A sourdough starter is a culture of yeast and bacteria that will leaven bread. To leaven bread with it, you take a piece if the starter and mix it into your dough. This inoculates the dough- instead of adding dried yeast, you’re adding active yeast that is living in that piece of starter. Starter also contains beneficial bacteria. These bacteria create acids when they consume the starches in the grain. This is what gives sourdough it’s sour flavor, as opposed to a bread that is only leavened with added dried yeast and thus doesn’t develop that pleasant tang.
To maintain as starter you must keep feeding it. To do so, you will essentially inoculate a new starter each time with a little piece of the old one. The microorganisms in the old one will eat the fresh flour and water mixture and multiply. They excrete gases and acids as they eat and multiply, which is what causes the bubbles in the dough and the flavor in the bread. Eventually, the starter will be saturated with yeasts and all the food in it (from the flour) will have been consumed. Then you’ll take a bit of that old starter and use it to feed a new one.
If you’re looking to start a starter, you can absolutely adopt a bit of starter from a someone who already has one going. It may take a little bit of time for it to get used to you and its new environment, but it will settle in pretty quickly and be useful for baking almost right away. However, its fun and simple to start your own starter. Also handy if you don’t know anyone who has one going. Starting from scratch gives you some experience with monitoring fermentation, which is a really important part of your bread-baking toolkit. Here’s how to do it.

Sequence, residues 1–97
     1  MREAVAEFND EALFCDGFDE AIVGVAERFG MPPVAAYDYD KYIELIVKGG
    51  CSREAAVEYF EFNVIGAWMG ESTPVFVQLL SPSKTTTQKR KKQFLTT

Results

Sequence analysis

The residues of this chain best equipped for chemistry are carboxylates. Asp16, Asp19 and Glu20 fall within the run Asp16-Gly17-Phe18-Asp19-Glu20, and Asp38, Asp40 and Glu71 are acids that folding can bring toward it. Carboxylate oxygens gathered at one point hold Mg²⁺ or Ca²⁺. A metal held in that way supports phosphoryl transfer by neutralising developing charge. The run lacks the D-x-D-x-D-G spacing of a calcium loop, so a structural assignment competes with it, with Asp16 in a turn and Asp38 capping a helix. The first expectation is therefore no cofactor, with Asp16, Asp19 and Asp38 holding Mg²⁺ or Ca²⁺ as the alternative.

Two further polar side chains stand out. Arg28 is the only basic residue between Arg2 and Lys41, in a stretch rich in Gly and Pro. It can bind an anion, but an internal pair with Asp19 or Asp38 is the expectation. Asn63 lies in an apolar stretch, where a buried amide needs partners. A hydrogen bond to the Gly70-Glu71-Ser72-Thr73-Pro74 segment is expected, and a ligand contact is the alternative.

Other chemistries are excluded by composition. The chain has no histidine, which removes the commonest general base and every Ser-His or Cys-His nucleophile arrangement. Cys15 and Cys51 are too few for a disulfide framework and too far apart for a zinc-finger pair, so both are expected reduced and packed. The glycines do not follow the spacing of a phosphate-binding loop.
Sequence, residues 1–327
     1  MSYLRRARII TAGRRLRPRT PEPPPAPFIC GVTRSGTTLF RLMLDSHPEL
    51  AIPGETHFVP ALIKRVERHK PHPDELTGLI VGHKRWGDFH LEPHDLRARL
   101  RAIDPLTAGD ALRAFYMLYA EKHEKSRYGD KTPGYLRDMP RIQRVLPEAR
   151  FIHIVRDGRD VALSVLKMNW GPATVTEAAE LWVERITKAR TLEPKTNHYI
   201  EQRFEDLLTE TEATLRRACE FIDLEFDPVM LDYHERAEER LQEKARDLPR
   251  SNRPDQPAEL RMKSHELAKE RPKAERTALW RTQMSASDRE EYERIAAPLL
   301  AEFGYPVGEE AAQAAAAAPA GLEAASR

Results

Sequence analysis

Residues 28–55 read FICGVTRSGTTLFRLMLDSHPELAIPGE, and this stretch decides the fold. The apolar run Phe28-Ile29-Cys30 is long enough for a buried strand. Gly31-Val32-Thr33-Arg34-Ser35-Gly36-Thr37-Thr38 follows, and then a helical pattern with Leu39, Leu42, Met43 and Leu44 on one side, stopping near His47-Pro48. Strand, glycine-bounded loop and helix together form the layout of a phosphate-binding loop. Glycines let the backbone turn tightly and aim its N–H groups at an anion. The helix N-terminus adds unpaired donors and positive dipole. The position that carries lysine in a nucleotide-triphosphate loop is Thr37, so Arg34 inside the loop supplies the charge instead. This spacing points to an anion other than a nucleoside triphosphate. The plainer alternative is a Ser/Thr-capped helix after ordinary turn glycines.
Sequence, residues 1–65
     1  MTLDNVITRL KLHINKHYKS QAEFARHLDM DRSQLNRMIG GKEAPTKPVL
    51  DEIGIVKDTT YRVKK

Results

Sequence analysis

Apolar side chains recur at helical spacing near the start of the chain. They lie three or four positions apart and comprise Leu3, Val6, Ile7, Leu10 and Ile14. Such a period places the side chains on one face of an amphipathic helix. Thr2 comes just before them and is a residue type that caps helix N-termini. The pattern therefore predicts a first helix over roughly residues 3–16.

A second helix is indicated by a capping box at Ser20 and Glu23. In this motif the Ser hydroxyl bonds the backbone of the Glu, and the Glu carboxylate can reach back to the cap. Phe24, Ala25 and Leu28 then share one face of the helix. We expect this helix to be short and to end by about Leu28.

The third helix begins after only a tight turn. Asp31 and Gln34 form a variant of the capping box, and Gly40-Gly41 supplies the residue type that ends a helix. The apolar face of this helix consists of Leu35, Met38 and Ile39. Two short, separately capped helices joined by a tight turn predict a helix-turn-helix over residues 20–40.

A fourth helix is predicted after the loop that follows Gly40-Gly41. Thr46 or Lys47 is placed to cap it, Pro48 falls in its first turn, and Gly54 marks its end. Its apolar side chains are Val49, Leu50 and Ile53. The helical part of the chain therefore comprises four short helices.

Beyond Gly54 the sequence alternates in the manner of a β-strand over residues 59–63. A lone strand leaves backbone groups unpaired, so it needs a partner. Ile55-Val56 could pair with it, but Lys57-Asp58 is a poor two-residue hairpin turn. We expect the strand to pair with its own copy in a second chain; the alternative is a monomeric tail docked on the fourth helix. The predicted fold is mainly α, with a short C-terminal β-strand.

How to Make a Sourdough Starter
All of the yeasts and bacteria that are needed to make bread occur naturally on your hands, on wheat, and maybe even in your kitchen already.
To start a starter, all you need to do is mix some flour and water together and wait for it to ferment.
For the flour, you want to use unbleached flour, preferably organic. You are cultivating beneficial yeasts and bacteria, so you don’t want a sterile environment. You also want some of the good brown stuff in there- bran and germ. It’s as healthy for your culture as it is for you. Either look for ‘T-85’ which has some of the bran and germ in it, or mix a 50-50 blend of bread flour and whole wheat flour. Cairnsprings Trailblazer is a great flour for this, also I love this one from Carolina Ground. If you’re using whole wheat, look for stone-ground whole wheat, which will have all of the parts of the grain in it (some ‘whole wheat’ is just white flour with some bran blended back in, and isn’t really all the parts of the grain). I love this one from Camas Country Mill and this one from Grist and Toll. The fresher and more organic/regenerative, the better. It takes me much less time to get a starter going when I use fresh, whole grain to feed it. I also get a much healthier more active starter.
For the water, you want to use water that doesn’t have chlorine in in (for the same reasons that you don’t want bleached flour.) If you have chlorine-free tap water, that’s great. Otherwise, you can use filtered water. I usually save the leftover water I boil for tea or coffee. Boiling and letting it cool it removes the chlorine. You want the water to be warm- yeast and bacteria are much more active at warmer temperatures.